Almaz Ayana and Genzebe Dibaba in the women's 5000m at the 2015 IAAF Diamond League meeting in Paris (© Jiro Mochizuki)
In the end it wasn’t even a world-leading time for the year, but the Ethiopian pair of Genzebe Dibaba and Almaz Ayana threw almost everything they had at their assault on the 5000m world record in Paris on Saturday (4).
The results will show Dibaba claimed the victory at the IAAF Diamond League meeting in a personal best and meeting record of 14:15.41, with the hard-working Ayana second in 14:21.97, some seven seconds outside her solo-run world lead from Shanghai in May.
But that doesn’t tell the full tale of a sometimes bizarre but always enthralling race in which the pair had been meant to share the pace as they attacked Tirunesh Dibaba’s world record from 2008.
It was actually Ayana who did the lion’s share as the tempo fluctuated from six seconds down to five seconds up on record pace at half way, before they finally faltered over the last kilometre.
Dibaba bided her time before pouncing at the bell and running a last 200m of 31.3 to leave her compatriot in her wake.
It was all a bit déjà vu for Ayana, who finished second to the elder Dibaba here in 2013, a performance that persuaded her to switch to 5000m after some early career success in the steeplechase; and drew her back here this evening with the world record in her sights.
The throat-gripping stickiness of earlier in the day had fortunately given way to a warm gentle breeze by the start of the race, making the conditions almost perfect for a record attempt.
Or so it seemed. When the first 1000m went by in a sluggish 2:54.12, six seconds down on record pace, Ayana decided she’d had enough and took off with the younger Dibaba on her heels.
She put in a near suicidal 63.6 fifth lap and pulled her Ethiopian rival through 2000m in 5:38.98, now five seconds up. Dibaba then moved to the front for about 800 metres until Ayana led again through 3000m in 8:36.17.
At 4000m, they were just 0.11 inside Tirunesh’s time, although Ayana was visibly tiring.
Tirunesh had run her last 1000m in 2:42.71 in Oslo, so this was going to be tough.
End of agreement
Ayana ploughed on, but Dibaba spotted her chance and flew away at the bell to run a last lap of 61.17.
“The pace of Ayana was too fast for me,” said Dibaba. “That is why I went to my race. I knew there was an agreement before but I could not follow that pace. When it was clear there was no world record I concentrated on my win.”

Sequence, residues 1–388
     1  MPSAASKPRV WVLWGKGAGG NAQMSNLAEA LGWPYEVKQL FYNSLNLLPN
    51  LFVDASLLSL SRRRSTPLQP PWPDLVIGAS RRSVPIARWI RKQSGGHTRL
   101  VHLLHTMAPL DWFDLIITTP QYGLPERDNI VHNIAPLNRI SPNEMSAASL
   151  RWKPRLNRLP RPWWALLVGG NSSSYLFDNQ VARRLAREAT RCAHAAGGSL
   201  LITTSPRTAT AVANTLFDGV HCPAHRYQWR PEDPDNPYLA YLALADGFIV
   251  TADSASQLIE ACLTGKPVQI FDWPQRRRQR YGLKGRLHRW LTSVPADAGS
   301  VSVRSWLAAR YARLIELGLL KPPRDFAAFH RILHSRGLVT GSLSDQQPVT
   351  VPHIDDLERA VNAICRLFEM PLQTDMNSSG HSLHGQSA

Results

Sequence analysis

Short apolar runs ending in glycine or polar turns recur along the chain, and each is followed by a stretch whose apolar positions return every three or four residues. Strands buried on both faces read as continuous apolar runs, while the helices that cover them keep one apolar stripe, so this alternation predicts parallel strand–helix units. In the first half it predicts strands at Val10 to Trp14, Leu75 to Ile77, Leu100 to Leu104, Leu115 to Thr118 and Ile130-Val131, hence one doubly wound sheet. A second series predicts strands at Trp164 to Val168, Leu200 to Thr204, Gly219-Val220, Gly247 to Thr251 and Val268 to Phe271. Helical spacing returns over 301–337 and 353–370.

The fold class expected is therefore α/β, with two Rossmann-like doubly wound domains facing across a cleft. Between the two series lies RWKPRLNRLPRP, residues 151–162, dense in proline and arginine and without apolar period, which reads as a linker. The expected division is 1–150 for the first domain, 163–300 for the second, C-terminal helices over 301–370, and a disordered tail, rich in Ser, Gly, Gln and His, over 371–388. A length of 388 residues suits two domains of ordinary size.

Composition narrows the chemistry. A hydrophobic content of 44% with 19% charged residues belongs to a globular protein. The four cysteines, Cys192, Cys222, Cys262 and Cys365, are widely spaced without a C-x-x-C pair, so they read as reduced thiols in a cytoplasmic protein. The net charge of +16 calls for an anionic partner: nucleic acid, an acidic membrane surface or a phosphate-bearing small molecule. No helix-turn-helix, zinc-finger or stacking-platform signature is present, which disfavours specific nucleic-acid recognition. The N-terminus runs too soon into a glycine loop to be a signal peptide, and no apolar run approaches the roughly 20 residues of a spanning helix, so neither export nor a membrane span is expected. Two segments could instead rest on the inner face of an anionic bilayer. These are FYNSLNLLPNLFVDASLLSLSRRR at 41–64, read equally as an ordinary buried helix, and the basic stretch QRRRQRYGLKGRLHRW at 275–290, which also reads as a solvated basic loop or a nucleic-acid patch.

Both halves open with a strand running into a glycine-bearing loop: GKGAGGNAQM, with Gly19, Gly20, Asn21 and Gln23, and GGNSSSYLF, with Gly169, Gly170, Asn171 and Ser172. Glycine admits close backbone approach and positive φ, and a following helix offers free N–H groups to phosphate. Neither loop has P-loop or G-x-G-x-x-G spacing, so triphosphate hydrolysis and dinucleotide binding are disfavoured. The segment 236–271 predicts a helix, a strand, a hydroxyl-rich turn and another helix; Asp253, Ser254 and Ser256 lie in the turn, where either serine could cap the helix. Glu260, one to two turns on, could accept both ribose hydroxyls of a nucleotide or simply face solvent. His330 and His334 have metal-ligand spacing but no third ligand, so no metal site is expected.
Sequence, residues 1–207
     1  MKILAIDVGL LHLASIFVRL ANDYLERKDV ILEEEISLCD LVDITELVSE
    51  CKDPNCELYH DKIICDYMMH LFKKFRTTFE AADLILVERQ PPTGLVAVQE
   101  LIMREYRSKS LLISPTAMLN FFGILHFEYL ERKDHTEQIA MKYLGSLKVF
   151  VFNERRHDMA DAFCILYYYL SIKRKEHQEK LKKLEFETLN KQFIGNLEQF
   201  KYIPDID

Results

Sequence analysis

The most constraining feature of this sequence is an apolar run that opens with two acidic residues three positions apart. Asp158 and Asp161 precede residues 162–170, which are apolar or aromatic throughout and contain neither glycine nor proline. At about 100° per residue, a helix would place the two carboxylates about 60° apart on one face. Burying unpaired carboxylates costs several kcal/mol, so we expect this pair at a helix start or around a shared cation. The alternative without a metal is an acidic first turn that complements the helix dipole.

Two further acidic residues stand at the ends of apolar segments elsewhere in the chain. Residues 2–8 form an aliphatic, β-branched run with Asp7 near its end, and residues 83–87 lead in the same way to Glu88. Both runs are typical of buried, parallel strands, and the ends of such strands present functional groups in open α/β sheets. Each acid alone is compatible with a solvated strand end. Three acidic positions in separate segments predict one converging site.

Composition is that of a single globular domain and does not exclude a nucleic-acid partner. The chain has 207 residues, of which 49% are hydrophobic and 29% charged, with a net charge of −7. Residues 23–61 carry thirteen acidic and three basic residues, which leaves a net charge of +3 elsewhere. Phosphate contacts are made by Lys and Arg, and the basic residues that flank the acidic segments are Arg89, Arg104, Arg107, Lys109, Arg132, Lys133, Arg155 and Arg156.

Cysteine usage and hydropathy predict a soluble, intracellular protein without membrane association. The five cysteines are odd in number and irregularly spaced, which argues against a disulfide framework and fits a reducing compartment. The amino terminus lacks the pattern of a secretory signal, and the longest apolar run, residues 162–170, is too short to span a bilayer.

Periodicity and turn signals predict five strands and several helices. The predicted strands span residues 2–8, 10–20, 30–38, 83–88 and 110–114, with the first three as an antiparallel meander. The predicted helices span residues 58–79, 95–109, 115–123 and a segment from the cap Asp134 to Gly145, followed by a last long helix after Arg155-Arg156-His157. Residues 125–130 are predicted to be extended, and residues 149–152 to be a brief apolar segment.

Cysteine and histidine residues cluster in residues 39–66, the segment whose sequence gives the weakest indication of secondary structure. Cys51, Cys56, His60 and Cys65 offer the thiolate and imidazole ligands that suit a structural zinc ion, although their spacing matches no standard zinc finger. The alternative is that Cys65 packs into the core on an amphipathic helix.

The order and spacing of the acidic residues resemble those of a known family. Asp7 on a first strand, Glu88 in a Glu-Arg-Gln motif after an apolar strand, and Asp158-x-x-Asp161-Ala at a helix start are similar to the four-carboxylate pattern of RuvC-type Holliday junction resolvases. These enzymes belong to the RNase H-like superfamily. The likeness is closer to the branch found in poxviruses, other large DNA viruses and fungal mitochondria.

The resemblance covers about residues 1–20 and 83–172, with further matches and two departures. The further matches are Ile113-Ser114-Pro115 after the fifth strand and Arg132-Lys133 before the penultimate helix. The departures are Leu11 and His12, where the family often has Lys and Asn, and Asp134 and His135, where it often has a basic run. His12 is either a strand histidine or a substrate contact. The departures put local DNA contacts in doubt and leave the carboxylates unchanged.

Ayana saw things differently. “I’m disappointed because the agreement was not kept,” she said. “I did more laps than my rival, especially after 2k. Next time I will run different.”
Ayana’s wasn’t the only athlete disappointed as local hero and meeting poster boy Renaud Lavillenie failed to win at the Stade de France for the first time in seven years.
The world record-holder had set his sights on clearing six metres outdoors for the first time on home soil, but the Olympic champion drew huge groans from the crowd as he managed just one clearance at 5.71m before failing at 5.86m.
Konstandinos Filippidis took the win with a Greek record, matching the performance of his compatriot Nikoleta Kyriakopoulou who broke her own Greek record in the women’s vault, pushing the world lead up to 4.83m in the process.
Filippidis leapt 5.91m, six centimetres above his personal best, to beat Brazil’s new hope Thiago Braz, who equalled his recent South American record of 5.86m with Lavillenie a modest fifth.
No referendum needed, Kyriakopoulou in pole position
Kyriakopoulou’s victory means she takes over at the head of the women’s pole vault Diamond Race standings as Brazil’s 2011 world champion Fabiana Murer came equal third with a best of 4.63m behind Cuba’s Yarisley Silva.
There was another surprise in the men’s high jump when Mutaz Essa Barshim went out at 2.32m and could only finish fifth with a best clearance of 2.29m.
Daniil Tsyplakov took the win for Russia ahead of 2007 world champion Donald Thomas. Both men cleared 2.32m.
Lavillenie and Valerie Adams' string of wins may have now come to an end, but Caterine Ibarguen goes on and on.
The Colombian triple jumper was last beaten in an IAAF Diamond League contest way back in May 2012 and she notched up her third victory of this season with a 14.87m victory over Russia’s world leader Ekaterina Koneva.
Ibarguen produced a series of terrific consistency with four jumps of 14.84m or better, while Koneva had a best of 14.72m.
Czech Republic’s two-time Olympic javelin champion Barbora Spotakova took her first win of 2015 when she threw a season’s best of 64.42m to beat Australia’s Kimberly Mickle, who was second with 63.80m.
Spotakova become the fourth different women's javelin winner in as many IAAF Diamond League contests this year.
Matthew Brown for the IAAF